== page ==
This abridged article (for full article, please see MT #10-2018, available for order here) looks at how the international special operations community continues to work up plans to enhance interoperability levels at national and multi-national levels and to update doctrine in order to counter an expanding series of emerging threats.
Particularly associated with reacting to the proliferation of cyber and electronic warfare capabilities (as demonstrated by Russia’s ongoing execution of New Generation Warfare), Special Operations Forces (SOF) around the world continue to encourage a greater understanding of the joint operating environment, which demands increasing cooperation between partner forces and agencies, both at home and abroad.
Such thought processes were clearly outlined in a report published on 27 March 2018 by the US Army War College Strategic Studies Institute (SSI), entitled Land, Space and Cyberspace Nexus: Evolution of the Oldest Military Operations in the Newest Military Domains.
As multiple SOF commands around the globe consider this integration of space, cyber and electronic warfare into existing doctrine, many state actors are enhancing more short-term SOF capabilities to encourage enhanced understanding of the joint operational environment across not only army, navy, marine and air force components but also other government agencies and international partner nations’ forces.
Speaking to MT, defence sources associated with the NATO Special Operations Headquarters (NSHQ) in Mons, Belgium, explained how such moves had arisen from current operational requirements calling for increased interoperability with partner forces and intelligence agencies to support not only domestic counter-terrorism operations but also expeditionary military assistance campaigns.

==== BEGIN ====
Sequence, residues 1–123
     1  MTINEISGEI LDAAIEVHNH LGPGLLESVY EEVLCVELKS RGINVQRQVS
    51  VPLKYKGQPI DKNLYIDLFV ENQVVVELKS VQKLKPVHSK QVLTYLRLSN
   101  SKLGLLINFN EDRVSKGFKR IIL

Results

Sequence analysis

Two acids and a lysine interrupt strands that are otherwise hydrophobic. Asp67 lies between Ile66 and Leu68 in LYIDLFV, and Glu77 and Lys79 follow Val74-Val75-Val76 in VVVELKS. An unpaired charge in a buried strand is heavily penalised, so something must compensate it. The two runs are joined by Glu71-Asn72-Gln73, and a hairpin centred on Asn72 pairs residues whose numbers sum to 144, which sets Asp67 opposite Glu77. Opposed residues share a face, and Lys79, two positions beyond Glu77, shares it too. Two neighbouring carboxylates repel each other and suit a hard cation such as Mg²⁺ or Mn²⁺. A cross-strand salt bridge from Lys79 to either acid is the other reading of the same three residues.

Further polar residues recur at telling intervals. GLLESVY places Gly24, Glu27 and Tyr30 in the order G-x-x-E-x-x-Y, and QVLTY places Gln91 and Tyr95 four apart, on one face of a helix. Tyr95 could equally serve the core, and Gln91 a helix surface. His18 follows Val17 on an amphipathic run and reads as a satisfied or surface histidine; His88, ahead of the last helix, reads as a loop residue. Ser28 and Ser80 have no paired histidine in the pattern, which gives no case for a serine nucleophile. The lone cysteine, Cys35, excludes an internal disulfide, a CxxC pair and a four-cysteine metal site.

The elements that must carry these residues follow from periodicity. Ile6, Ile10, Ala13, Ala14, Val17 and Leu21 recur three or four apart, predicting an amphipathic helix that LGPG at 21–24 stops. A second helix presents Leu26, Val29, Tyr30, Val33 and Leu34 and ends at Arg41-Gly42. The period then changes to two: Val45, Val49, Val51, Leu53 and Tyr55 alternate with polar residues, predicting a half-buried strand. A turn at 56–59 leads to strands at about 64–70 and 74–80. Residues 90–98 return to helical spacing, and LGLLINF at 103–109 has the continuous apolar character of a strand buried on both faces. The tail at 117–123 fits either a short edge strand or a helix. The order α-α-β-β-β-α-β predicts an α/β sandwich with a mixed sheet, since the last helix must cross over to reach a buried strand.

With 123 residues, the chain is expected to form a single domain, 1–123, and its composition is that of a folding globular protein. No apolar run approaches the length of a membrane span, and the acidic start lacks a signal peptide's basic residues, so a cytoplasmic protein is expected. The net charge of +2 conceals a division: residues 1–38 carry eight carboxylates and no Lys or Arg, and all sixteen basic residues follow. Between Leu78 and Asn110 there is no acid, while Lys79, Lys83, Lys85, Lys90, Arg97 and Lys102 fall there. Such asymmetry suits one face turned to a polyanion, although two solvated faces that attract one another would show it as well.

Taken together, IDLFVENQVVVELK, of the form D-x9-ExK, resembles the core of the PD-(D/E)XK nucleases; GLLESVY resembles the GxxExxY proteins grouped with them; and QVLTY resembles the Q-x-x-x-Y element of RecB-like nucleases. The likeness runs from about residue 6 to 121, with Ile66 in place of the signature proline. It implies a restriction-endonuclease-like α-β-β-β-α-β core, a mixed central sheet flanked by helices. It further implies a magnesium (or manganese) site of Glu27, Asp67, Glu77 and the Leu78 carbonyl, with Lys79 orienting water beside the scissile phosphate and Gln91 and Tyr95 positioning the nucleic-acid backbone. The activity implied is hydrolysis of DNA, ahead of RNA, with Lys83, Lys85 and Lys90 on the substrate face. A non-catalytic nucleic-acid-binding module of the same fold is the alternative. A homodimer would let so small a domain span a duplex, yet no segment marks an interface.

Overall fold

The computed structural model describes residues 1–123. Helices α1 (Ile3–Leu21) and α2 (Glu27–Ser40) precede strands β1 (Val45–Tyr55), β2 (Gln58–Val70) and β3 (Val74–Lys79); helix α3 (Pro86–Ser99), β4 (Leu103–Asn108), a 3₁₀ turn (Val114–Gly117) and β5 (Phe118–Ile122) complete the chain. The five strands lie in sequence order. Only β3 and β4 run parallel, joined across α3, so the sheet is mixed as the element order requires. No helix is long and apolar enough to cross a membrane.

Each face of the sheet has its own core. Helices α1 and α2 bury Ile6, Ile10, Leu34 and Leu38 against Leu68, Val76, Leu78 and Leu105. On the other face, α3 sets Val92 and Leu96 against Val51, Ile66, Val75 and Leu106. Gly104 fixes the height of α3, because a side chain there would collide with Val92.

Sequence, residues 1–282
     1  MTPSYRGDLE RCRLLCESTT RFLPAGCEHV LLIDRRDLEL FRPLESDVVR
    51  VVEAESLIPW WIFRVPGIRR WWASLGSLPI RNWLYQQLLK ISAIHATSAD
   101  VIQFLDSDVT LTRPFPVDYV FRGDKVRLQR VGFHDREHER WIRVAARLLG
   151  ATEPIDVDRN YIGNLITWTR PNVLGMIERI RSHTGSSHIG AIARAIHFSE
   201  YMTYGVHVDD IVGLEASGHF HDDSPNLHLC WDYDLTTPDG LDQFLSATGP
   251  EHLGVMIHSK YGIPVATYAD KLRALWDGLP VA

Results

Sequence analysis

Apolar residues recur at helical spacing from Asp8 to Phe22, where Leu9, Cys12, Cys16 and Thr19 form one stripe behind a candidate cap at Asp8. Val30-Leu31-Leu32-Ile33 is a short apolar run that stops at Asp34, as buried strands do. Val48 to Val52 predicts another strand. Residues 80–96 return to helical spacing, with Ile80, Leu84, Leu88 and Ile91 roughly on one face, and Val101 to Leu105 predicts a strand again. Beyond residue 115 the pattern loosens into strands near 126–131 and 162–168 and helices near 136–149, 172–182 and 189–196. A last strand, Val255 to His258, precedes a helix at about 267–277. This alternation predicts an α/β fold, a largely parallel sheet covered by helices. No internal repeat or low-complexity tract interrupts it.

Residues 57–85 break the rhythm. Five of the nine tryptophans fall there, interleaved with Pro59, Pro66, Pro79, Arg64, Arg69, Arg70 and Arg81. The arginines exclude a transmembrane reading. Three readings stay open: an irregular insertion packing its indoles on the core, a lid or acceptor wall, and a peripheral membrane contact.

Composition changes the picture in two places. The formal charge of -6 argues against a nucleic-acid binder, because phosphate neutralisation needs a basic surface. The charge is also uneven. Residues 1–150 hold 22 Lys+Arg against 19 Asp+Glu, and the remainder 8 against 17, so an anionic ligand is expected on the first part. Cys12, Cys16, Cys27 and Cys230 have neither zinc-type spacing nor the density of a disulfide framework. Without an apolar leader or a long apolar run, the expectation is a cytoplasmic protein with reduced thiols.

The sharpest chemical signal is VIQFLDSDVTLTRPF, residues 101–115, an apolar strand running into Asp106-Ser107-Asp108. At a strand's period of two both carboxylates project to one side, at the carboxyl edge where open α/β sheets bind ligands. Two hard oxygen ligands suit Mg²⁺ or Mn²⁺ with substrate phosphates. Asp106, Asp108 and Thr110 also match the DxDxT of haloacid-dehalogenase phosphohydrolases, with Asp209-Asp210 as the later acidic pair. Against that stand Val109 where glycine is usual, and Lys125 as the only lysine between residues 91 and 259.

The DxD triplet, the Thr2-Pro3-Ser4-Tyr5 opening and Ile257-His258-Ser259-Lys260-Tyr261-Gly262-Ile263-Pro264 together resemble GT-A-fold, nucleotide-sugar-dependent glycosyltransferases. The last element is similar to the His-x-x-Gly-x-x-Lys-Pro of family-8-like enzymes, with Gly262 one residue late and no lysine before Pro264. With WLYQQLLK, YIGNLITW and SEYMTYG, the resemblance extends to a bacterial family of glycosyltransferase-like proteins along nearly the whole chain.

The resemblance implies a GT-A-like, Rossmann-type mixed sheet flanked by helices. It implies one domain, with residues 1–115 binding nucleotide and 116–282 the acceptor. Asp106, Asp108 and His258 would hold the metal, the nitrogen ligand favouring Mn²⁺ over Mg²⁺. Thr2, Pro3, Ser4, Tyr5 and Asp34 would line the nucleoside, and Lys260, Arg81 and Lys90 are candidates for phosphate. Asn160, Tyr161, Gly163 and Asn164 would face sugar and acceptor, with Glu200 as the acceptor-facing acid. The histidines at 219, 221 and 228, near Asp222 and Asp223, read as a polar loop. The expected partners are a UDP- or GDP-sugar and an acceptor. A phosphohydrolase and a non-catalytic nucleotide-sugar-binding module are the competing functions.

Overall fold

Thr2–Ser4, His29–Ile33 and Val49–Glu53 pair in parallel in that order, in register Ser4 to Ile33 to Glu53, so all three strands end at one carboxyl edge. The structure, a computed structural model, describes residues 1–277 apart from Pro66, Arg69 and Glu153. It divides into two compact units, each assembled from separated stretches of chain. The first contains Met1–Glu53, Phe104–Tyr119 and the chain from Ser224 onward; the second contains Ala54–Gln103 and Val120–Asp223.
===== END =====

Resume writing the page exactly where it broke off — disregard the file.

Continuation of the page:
Some of the most recent moves have seen the likes of the Netherlands, Romania, Latvia, Spain and Venezuela establishing dedicated Special Operations Commands (SOCOM), aimed at providing a centralised C2 and doctrinal structure to their various force components which had previously reported only to their own respective chains of command.
Certain state actors, particularly around Europe, continue to develop doctrine and CONOPS to support the wider establishment of multi-national SOCOM formations. Defence sources associated with the Netherlands SOCOM explained how a MoU (due to have been certified at the end of March 2018) was still being developed by Belgian, Danish and Dutch SOF as they bid to establish a Composite Special Operations Component Command (C-SOCC).
For full article, please see MT #10-2018, available for order here.
Danish and Netherlands SOCOMs also continue to explore doctrinal and interoperability issues associated with cyber warfare – lessons from which will be fed back into the C-SOCC concept, service officials confirmed to MT.
Describing how the Danish SOCOM is seeking to focus on the, “diversification of capabilities,” currently relied upon by Jaegercorps and Naval Special Warfare components, sources highlighted that specific consideration by multiple stakeholders was being given to further encourage and extend interoperability with other government agencies.
The international SOF community continues to lead the way with respect to joint doctrine and interoperability – a capability which is demanded across current and emerging operational requirements where partner nation forces continue to work alongside one another on a regular basis. However, any optimised interoperability will only be achieved once individual and national SOCOMs have been established to identify best practices in joint doctrine at home. Only then will commanders be able to engage joint doctrine and interoperability across multi-national operating environments.